Two sides way apart on value of property
A more than $1.5 million difference in two appraisals of some acreage at the Lawrence County Airport is another reason at least one Lawrence County Commissioner wants to come up with an agreement that could end an impending lawsuit and put the land up for sale.
On Thursday all three commissioners will meet with Richard Wilson and his attorney to resolve an eminent domain lawsuit the commission filed more than a year ago against Wilson. Through that lawsuit the commissioners want to acquire 47 acres at either end of the Chesapeake airport, currently owned by Wilson and his family.
Recently an appraiser for the Wilson family said the 47 acres is worth $1.8 million. But the county’s appraiser has put the value of the property at $280,000.
“What if we go to court and they say you have to pay $1 million,” Commission President Bill Pratt said. “The county doesn’t have a $1 million.”
Adding the acreage to the airport was to comply with Federal Aviation Administration regulations to provide an adequate approach to the air strips including trimming or removing trees at the ends of the runways.
However since then Bill Pratt has actively sought to find an avenue that would allow the county to develop the entire airport property commercially, which has long been the goal of Wilson.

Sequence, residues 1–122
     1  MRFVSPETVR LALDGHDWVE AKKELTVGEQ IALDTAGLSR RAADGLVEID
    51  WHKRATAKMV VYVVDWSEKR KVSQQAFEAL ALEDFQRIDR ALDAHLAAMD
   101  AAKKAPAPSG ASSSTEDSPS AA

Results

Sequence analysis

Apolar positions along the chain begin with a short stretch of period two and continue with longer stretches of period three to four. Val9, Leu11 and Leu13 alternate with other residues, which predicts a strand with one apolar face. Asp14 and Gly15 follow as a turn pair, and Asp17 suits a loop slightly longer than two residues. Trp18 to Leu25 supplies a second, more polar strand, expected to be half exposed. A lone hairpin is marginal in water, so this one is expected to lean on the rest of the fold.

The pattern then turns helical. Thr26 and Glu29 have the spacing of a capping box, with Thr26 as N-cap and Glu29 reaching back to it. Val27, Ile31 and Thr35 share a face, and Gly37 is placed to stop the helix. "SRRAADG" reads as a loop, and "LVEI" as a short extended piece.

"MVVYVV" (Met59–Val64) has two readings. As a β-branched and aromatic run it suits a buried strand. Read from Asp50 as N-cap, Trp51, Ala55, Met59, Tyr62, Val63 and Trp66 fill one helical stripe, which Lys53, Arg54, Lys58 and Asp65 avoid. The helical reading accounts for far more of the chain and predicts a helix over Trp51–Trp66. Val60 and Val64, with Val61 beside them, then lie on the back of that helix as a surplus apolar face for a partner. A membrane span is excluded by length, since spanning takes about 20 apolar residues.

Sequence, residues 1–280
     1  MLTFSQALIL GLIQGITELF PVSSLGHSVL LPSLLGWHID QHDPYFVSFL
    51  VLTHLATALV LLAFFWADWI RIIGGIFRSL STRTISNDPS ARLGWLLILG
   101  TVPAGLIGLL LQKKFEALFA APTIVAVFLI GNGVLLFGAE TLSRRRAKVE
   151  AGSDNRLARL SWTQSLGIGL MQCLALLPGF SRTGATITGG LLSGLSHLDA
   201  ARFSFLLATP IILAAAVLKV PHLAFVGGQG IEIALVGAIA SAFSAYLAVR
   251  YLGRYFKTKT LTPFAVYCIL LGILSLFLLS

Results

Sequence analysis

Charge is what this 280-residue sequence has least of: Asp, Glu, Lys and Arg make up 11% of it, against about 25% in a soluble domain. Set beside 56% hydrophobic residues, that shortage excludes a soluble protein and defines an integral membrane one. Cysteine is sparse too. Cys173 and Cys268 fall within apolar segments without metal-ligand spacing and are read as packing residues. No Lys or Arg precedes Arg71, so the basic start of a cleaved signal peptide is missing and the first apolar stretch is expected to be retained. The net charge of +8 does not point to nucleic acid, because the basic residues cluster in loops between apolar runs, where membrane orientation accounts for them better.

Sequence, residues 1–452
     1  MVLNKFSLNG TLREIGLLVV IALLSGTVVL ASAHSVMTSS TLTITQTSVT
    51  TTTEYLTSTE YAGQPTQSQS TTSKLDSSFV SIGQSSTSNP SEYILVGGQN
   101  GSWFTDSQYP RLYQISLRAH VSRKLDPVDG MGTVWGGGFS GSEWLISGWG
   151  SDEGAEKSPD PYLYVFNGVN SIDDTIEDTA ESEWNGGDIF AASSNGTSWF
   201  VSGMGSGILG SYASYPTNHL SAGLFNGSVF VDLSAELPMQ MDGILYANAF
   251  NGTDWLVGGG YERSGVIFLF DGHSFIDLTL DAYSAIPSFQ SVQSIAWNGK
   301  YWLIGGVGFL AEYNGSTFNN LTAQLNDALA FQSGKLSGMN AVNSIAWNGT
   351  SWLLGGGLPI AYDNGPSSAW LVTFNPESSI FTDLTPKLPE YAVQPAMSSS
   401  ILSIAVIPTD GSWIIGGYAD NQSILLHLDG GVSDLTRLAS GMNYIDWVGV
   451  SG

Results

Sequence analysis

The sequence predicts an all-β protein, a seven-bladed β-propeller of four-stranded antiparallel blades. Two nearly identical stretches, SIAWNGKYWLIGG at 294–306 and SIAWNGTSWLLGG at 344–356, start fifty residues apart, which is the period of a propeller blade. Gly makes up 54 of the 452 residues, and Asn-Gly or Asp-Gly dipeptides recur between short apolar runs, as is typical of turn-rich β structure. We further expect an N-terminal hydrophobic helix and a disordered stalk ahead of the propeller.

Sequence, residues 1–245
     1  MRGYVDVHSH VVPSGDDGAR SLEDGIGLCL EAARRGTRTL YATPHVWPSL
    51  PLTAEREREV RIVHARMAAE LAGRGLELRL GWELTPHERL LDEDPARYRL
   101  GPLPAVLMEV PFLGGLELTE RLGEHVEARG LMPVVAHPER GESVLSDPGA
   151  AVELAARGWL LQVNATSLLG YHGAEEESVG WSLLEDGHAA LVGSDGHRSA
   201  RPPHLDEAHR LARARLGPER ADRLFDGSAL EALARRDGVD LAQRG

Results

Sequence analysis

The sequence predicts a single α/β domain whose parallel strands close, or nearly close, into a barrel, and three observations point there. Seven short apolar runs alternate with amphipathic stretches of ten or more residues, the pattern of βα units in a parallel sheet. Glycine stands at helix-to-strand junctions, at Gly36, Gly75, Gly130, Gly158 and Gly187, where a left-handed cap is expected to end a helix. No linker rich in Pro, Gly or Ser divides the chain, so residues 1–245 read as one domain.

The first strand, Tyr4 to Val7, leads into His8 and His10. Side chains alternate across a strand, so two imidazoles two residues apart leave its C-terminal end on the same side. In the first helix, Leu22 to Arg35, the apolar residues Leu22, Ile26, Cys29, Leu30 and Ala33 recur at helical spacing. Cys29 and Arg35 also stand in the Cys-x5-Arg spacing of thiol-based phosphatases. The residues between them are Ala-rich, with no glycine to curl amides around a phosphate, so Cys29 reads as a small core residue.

To do that the commission and the Wilson family have to come to a financial arrangement that would enable the county to agree to stop using the land as an airport.
In the late 1930s members of the Wilson and C.L. Ritter families deeded land to the county for the creation of an airport with the stipulation that the land could only be used as such. Should the county shut down the airport for a period of one year, the property would revert back to the heirs of the original conveyors.
However Commissioner Les Boggs is approaching the meeting with a different intent.
“My focus as commissioner is not to go up there with the distinct purpose of trying to sell the airport,” Boggs said. “Mine is to try to resolve issues that are currently in hand with the lawsuit and also to look at what would be best suited for the future of the airport, not necessarily with the focus of selling it.”
But Pratt sees a shopping venue on the site as a way to improve the finances of the county and increase jobs and strengthen the local economy.
“We are trying to make something happen,” Pratt said.